Everything grows, matures and dies. If you want to see the whole cycle, go to any hospital. First, check out the maternity ward, then visit a few terminal patients.

When we really pay attention, that remarkable juxtaposition of birth and death, all in the same place—the tremendous, universal cycle of life—can help us understand our own spiritual search.

For years I worked in hospitals, and I never got tired of the miracles I witnessed there. The maternity wards, among the most joyous places on Earth, welcome new babies into the world every day. Those births cause enormous celebration and happiness, bathing everyone who visits in smiles. Walk a few feet, take an elevator or climb the stairs, and you can see people in the midst of their transition to the next phase of existence, ready to leave this world and go on to the next. Yes, you’ll encounter much sadness and many tears in those rooms, from families and friends going through great loss, but you’ll also see, if you look hard enough, the preparation for a second birth, for that spiritual journey into whatever waits for us on the other side of dying.

So just as this physical life exemplifies the power of growth and maturation—of the irresistible, built-in, genetic drive of all living things to continually transcend one state of existence and gradually move toward the next—our individual path to spiritual maturity does exactly the same thing. Just as physical life has stages of development—infancy, childhood, adolescence and adulthood—our spiritual life progresses through similar stages, too.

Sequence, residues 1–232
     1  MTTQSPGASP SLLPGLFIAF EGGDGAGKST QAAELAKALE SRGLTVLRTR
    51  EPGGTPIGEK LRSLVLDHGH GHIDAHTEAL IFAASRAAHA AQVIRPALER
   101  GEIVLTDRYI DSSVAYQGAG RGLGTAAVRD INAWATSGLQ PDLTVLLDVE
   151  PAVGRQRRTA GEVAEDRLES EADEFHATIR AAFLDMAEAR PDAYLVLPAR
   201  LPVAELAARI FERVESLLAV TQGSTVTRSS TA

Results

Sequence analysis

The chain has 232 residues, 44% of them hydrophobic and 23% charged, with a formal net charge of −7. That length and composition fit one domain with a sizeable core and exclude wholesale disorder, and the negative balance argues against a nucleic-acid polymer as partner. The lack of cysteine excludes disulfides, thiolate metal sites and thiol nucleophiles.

Since even the tiniest form of life starts out as a tinier seed that contains its own genetic code, we all mature through time into the fulfillment of that code. Everything physical, in our entire universe, grows and develops that way. One egg and one sperm become a fetus, and then a baby, and then you. A tiny seed becomes a mighty sequoia. A star is born in the gravitational collapse of a gaseous nebula; flames its plasma into being and burns brightly for millions of years; spins off, supports and sustains its solar system; and then finally exhausts its fuel into interstellar gas once again.


All of us have those built-in, pre-programmed stages of growth, both physically and spiritually, kneaded into our very beings. Our DNA regulates that growth, and requires it to go through a succession of pre-planned phases. This may seem obvious, but think about it for a moment, and realize the miracle it represents: you share, with all other life forms, one consistent, universal pattern of maturation and growth. The timeframe may change and the materials may be different, but everything evolves through its lifetime in the same exact way, according to a harmonious pattern nature repeats everywhere.